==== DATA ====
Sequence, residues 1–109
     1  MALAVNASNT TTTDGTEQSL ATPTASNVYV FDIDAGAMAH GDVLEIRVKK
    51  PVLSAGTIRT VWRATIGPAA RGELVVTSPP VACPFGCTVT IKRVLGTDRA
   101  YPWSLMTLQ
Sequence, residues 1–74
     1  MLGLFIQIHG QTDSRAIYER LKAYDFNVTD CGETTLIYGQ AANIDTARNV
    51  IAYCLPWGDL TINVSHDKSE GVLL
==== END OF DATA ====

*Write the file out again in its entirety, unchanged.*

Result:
Sequence, residues 1–109
     1  MALAVNASNT TTTDGTEQSL ATPTASNVYV FDIDAGAMAH GDVLEIRVKK
    51  PVLSAGTIRT VWRATIGPAA RGELVVTSPP VACPFGCTVT IKRVLGTDRA
   101  YPWSLMTLQ
Sequence, residues 1–74
     1  MLGLFIQIHG QTDSRAIYER LKAYDFNVTD CGETTLIYGQ AANIDTARNV
    51  IAYCLPWGDL TINVSHDKSE GVLL